One website offered the following declaration alongside an image of a mushroom cloud photoshopped onto a picture of the New York City skyline, "There is no question, based on captured documents and captured al-Qaida leaders that Osama bin Laden has been planning his "American Hiroshima" for many years—long before Sept. 11, 2001."43
Another website claims that, "Al-Qaida is now putting out the word that they want to create an American Hiroshima. Then, while the entire country scrambles in reaction to the first bomb going off, a second one goes off a few days later—just like Nagasaki. In order to make this continue to appear like a religious war the proposed plan is to attack US cities with large Jewish populations (i.e. New York, Chicago, Miami, D.C, & Las Vegas)."44
These images present a postmodern, online, crudely photoshopped vision of American vulnerability. However they also present a voyeuristic fantasy about the incineration of imagined "East Coast" elites and ethnic minorities.
Since 9/11 many videos have appeared on YouTube that depict a nuclear explosion on New York City. Some of these are crude attempts to create compelling video effects by people working with video software programs, but many are further fantasizing about the dangers of imagined attacks by jihadists and the imagined annihilation of multi-ethnic American urban centers. Additionally, many survivalist websites began to provide online "Ground Zero calculators" which would allow visitors to estimate the extent of the effects from imagined nuclear attacks on American cities.45 These sites allow the viewer to enter the location and size of the bomb and the local weather conditions and view maps with concentric circles of destruction and fallout plumes, allowing visitors to personalize the illustrations of the Cold War era in which readers were collectively presented with such images in newspapers or magazines.
It is clear from the diversity and longevity of these cultural manifestations, both state sanctioned and independent, that an "American Hiroshima" emphasizing New York City as the locus for an "inevitable" nuclear attack has penetrated deep into the American psyche. Justifying heightened national security measures at the expense of civil liberties, senior staff in the Bush Administration's Defense and State Departments publicly foregrounded such an attack, not as an "if," but as a "when."46 Adopting this prognosis as a policy fait accompli reinforces a complex and contradictory sense of guilt and betrayal, where U.S. culture perversely projects a preemptive sense of outrage as a nuclear victim, not a nuclear perpetrator.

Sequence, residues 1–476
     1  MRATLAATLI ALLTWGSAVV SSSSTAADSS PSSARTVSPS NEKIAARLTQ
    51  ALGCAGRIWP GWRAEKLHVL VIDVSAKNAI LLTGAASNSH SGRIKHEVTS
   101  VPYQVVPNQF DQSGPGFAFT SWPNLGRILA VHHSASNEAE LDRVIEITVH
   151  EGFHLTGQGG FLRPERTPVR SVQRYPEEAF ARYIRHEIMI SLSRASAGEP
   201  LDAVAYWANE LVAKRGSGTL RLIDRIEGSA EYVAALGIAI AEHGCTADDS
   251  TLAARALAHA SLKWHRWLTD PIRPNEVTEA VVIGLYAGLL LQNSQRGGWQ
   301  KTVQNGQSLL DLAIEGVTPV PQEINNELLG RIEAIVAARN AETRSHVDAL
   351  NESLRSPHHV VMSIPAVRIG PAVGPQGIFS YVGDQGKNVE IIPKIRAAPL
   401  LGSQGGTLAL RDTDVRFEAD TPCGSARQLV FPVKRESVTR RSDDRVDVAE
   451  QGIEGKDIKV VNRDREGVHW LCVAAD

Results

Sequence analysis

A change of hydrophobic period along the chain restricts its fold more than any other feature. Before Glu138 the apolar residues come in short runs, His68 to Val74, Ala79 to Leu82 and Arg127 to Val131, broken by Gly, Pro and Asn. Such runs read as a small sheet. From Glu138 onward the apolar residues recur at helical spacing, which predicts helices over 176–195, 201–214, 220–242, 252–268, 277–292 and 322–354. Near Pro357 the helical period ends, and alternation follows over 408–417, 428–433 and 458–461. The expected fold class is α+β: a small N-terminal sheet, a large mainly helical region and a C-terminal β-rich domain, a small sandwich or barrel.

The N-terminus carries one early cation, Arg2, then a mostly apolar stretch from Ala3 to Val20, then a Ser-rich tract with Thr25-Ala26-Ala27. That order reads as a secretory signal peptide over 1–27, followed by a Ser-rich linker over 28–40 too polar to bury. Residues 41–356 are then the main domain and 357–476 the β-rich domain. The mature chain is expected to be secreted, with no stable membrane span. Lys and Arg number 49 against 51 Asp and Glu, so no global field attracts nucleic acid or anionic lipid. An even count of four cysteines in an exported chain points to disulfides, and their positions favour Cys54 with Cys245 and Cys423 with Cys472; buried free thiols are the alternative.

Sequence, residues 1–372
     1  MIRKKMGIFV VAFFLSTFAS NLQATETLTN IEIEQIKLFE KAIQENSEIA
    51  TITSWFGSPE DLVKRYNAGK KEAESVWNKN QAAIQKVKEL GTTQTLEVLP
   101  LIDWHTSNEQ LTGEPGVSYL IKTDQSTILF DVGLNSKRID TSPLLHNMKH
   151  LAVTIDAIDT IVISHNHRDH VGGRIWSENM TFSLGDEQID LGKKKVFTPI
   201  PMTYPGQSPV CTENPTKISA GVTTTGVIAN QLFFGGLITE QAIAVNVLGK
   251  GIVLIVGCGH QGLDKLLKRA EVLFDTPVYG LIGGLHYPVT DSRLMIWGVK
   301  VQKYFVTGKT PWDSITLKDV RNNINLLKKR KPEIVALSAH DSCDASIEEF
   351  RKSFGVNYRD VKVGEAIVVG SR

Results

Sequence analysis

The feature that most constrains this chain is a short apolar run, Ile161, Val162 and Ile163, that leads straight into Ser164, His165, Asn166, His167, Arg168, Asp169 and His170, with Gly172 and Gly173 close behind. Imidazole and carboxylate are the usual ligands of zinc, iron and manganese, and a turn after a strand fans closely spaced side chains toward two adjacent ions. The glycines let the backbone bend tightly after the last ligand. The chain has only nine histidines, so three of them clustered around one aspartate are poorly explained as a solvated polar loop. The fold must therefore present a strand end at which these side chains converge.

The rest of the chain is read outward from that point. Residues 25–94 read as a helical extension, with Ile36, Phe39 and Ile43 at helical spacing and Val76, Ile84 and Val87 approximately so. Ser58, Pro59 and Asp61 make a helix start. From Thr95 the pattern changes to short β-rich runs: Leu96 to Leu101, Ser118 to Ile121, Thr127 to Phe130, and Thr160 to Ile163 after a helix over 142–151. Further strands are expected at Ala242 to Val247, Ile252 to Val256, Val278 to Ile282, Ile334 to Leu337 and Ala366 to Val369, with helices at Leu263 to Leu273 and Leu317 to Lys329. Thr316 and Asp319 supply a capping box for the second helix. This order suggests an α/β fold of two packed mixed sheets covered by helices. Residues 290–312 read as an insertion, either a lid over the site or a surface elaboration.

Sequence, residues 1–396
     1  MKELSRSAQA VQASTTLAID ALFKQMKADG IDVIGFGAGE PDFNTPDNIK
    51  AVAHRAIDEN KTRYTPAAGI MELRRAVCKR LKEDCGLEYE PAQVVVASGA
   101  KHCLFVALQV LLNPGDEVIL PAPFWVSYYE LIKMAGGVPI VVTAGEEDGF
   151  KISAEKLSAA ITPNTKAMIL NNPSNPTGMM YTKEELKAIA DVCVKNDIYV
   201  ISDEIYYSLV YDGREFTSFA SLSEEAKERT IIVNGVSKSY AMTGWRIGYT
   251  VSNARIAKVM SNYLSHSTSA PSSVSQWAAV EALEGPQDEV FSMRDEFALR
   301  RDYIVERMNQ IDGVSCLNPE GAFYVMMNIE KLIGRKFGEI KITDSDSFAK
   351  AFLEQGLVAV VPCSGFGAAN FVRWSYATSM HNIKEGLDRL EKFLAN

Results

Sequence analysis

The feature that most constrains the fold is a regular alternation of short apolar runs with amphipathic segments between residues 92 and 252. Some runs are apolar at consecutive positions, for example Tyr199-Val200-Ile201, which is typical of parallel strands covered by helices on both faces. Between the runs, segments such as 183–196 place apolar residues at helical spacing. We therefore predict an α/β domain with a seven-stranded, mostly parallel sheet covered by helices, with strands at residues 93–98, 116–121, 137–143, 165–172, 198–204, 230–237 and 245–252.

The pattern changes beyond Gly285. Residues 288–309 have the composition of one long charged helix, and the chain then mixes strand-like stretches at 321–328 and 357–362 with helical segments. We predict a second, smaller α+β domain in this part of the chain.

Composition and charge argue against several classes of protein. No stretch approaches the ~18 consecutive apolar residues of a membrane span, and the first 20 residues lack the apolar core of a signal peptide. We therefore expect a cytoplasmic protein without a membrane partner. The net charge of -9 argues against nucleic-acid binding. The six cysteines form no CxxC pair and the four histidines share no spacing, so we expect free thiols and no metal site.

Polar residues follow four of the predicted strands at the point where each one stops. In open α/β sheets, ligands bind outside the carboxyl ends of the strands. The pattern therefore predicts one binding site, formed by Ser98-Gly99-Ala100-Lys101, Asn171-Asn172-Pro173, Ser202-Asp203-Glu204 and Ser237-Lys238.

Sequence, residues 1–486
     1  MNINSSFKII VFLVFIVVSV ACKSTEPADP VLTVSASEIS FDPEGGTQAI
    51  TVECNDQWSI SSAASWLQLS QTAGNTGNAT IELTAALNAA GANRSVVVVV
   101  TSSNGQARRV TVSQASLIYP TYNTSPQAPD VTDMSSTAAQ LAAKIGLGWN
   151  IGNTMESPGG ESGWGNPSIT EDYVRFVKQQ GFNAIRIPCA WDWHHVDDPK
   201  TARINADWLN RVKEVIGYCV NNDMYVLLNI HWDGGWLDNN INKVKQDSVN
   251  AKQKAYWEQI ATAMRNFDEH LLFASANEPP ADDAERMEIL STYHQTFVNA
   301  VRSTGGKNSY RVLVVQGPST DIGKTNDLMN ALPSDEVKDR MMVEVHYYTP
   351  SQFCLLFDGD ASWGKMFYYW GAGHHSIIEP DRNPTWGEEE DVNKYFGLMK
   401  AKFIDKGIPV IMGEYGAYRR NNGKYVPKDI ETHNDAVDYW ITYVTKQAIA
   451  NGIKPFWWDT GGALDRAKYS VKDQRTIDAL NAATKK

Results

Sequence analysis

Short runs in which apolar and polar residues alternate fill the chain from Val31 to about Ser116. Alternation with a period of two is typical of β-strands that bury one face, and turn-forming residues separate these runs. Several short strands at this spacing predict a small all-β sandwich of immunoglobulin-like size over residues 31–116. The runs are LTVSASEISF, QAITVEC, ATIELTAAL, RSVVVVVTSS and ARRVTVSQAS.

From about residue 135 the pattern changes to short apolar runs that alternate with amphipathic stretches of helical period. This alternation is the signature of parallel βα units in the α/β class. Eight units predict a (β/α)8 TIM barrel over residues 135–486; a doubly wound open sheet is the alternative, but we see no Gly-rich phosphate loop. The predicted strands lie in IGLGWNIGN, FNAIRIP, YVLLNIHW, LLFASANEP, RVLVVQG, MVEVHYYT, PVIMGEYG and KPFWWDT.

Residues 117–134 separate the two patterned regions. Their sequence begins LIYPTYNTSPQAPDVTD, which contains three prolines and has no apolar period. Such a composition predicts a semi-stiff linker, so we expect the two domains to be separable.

As Max Page has shown, New York City has long been emblematic of American progress, prestige and profit and regarded as a national and international site for both awe and envy. Visions of New York's destruction resonate with "some of the most longstanding themes in American history", where each generation finds reason to imagine the city's end.47 This ambivalence towards the Big Apple also informs conflicting post 9/11 sentiments. Following Tom Engelhardt's incisive work, Victory Culture, historian John W. Dower has argued powerfully in Cultures of War that the euphoria of victory over Japan was extraordinary, but also fragile and ephemeral.48 "The underside of triumph was profound anxiety—a presentiment that making and using the atomic bomb had birthed not peace but vulnerability of a sort inconceivable just a few years earlier […] When the twin towers of the World Trade Center were taken down on September 11, this suppressed or diluted dread erupted, certainly among Americans, as full-blown collective trauma."49 In its assembly and display of a variety of mass mediated forms, our Nuke York, New York exhibition seeks to give witness to the lingering expression of these anxieties, from the atomic strikes against Japan in August 1945 to post 9/11 America.
1 On transposing and conflating Hiroshima and "ground zero" with 9/11, see Antoine Bousquet, "Time zero: Hiroshima, September 11 and apocalyptic revelations in historical consciousness," Millennium: Journal of International Studies 34:3 (2006): 739-764, and Mick Broderick, "Waiting to Exhale: Somatic Responses to Place and the Genocidal Sublime," IM: Interactive Media 4. (Summer 2008), here.
2 Robert Jay Lifton and Gregg Mitchell, Hiroshima in America: A half century of denial (New York: G.P. Putnam, 1995): xv.>